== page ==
World Building: S&W + Dinosaurs

jdrakeh

Front Range Warlock
So, for the first time in many years, I'm working on a setting for a homebrew Swords & Wizardry campaign.

The basic premise is that your typical pseudo-European fantasy society has established a colony on a far off continent that is populated primarily by dinosaurs and that is home to ruins of an ancient, magically advanced, society (so lots of artifacts, lost cities, etc).

I'm leaning heavily toward having the colonists be cut off from their home country by some kind of magic storm, though that's subject to change (I'm open to suggestions for isolating the colonists, magical or otherwise). Additionally, suggestions for books that I should look at are welcome.

I honestly haven't thought ahead much further than that. I'm letting it percolate for the moment. :)
 

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Aldarc

Legend
I'm leaning heavily toward having the colonists be cut off from their home country by some kind of magic storm, though that's subject to change (I'm open to suggestions for isolating the colonists, magical or otherwise). Additionally, suggestions for books that I should look at are welcome.
The colonists were connected to their home country via a portal to another world. The closing of the portal cut the colonists off.

Or the colonists aren't cut-off at all, but their homeland has been so thoroughly devastated by a magical cataclysm, war, or a legally-distinct tarrasque that there is no desire to return home.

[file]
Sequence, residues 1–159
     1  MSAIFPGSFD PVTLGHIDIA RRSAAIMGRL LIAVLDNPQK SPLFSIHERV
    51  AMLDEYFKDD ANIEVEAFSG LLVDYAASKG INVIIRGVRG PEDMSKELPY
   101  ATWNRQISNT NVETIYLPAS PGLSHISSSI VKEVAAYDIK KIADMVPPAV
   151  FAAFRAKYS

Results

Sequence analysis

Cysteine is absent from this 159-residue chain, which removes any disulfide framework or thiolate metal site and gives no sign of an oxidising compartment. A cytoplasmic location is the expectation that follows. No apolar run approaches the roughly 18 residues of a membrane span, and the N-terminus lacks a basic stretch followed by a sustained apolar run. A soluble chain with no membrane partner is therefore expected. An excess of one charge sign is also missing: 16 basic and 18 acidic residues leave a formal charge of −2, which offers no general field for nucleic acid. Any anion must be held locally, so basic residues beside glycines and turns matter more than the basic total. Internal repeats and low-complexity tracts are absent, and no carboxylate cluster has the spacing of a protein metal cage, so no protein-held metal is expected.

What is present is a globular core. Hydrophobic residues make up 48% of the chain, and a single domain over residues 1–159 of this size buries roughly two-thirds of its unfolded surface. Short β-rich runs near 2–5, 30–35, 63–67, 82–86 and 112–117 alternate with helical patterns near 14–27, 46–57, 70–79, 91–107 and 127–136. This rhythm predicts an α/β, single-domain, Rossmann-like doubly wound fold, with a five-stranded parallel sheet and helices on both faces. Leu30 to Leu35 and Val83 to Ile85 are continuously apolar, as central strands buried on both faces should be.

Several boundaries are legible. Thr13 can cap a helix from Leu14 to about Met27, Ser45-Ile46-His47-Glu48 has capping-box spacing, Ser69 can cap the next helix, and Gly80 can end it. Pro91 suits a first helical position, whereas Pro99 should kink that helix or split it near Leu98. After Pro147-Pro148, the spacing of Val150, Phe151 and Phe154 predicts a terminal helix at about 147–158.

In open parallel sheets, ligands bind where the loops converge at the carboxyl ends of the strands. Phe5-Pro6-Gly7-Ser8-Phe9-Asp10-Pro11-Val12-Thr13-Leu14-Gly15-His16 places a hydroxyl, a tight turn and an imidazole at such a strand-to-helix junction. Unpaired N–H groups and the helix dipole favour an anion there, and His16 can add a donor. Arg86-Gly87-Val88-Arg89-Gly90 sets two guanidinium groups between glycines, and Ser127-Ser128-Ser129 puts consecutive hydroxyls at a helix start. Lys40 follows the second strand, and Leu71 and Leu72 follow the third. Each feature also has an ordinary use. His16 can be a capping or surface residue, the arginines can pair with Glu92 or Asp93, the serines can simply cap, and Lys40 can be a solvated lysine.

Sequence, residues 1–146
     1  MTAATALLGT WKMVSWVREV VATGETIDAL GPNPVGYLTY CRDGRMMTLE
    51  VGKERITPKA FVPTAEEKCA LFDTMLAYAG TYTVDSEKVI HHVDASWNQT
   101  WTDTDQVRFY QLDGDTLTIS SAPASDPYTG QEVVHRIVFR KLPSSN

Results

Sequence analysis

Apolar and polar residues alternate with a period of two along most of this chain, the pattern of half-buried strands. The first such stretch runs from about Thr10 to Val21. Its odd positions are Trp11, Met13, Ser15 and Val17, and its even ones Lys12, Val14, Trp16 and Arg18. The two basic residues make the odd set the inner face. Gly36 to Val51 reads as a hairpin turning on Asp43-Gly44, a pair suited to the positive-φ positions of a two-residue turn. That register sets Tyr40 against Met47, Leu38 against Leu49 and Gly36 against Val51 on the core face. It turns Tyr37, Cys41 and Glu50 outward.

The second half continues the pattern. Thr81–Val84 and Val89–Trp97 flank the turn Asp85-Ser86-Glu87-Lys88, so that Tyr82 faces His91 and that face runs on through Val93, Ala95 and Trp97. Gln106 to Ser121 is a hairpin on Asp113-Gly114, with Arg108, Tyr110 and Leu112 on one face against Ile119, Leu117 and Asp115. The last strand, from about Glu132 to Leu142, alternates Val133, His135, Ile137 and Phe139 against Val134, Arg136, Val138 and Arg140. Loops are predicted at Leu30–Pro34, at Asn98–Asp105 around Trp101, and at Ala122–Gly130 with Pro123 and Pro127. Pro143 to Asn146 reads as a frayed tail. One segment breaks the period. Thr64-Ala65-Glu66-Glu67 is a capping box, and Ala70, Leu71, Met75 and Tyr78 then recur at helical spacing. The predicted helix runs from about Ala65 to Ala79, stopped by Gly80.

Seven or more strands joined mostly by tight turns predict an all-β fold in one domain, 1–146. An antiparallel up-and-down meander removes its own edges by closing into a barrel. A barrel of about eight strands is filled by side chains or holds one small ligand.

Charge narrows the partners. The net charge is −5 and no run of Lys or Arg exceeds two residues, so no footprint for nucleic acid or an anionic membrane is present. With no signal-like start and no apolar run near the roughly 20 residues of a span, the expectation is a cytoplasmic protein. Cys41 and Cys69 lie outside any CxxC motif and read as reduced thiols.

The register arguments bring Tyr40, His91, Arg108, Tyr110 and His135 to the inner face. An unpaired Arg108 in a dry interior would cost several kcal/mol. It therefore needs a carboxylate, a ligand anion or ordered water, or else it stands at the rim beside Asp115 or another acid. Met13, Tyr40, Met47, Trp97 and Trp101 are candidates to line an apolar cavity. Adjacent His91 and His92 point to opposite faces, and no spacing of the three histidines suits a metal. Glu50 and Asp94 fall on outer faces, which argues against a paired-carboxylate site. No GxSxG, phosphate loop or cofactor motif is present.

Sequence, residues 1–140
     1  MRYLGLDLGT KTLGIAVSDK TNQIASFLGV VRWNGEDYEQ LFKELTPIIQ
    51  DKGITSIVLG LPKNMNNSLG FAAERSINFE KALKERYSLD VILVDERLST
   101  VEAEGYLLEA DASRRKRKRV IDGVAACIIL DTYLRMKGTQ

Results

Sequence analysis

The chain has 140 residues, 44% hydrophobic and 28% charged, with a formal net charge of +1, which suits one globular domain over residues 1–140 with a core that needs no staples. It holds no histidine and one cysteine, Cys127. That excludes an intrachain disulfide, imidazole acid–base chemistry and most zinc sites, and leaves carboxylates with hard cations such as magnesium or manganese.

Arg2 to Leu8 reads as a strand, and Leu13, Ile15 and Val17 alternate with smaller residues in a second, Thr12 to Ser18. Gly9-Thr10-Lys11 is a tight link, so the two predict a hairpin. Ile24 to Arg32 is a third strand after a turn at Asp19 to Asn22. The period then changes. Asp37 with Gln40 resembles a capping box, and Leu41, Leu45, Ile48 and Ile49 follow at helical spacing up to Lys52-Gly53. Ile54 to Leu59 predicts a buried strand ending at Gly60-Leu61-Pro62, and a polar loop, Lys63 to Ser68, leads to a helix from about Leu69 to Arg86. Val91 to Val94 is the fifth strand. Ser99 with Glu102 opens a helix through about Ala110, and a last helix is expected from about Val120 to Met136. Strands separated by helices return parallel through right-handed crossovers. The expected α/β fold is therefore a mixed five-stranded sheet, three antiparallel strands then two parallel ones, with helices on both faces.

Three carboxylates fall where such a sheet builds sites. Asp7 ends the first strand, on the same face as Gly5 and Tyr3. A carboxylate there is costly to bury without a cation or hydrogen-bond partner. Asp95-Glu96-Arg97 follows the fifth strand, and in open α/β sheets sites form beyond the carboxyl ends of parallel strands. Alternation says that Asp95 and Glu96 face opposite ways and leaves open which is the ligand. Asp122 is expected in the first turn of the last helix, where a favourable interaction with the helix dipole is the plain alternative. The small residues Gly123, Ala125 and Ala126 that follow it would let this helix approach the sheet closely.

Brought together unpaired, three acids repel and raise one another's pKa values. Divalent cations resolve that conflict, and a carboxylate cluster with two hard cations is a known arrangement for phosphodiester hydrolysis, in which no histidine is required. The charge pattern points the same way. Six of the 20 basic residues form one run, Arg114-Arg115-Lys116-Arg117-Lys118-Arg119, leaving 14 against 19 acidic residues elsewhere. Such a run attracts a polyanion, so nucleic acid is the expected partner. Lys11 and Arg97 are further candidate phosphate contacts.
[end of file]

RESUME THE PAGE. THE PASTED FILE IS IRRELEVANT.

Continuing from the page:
jdrakeh

Front Range Warlock
Or the colonists aren't cut-off at all, but their homeland has been so thoroughly devastated by a magical cataclysm, war, or a legally-distinct tarrasque that there is no desire to return home.

Oh. Oh. Ooooooh. That's a very good idea!
 

Dannyalcatraz

Schmoderator
Staff member
One of the last times I homebrewed a campaign with a “lost” civilization, I used a conceit that the ancients in question had left no known artifacts or architecture that depicted themselves, and their writings were not exactly clear either. There was a race of primitives- I used a D20 version of Seshayans- that had legends about the ancients, but even they were uncertain about what they looked like.

Turns out, the ancient civilization was Seshayan, but a cataclysmic war had caused a collapse (cribbed loosely from the legends of the fall of Atlantis).